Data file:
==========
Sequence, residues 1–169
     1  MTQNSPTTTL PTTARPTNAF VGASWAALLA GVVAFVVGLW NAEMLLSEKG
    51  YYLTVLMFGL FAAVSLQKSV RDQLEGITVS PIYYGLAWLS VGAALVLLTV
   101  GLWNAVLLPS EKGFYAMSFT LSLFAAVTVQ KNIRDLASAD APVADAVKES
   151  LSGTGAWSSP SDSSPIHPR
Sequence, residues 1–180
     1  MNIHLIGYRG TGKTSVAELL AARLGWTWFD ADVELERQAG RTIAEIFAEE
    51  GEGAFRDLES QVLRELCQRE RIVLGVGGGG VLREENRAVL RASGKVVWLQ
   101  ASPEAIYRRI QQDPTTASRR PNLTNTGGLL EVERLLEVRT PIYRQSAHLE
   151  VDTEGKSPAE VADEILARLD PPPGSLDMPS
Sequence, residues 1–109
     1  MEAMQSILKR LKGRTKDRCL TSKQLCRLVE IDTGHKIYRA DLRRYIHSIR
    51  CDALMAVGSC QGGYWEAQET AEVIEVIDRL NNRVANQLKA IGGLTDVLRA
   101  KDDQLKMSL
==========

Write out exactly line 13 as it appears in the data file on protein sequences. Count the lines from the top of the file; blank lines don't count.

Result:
    51  CDALMAVGSC QGGYWEAQET AEVIEVIDRL NNRVANQLKA IGGLTDVLRA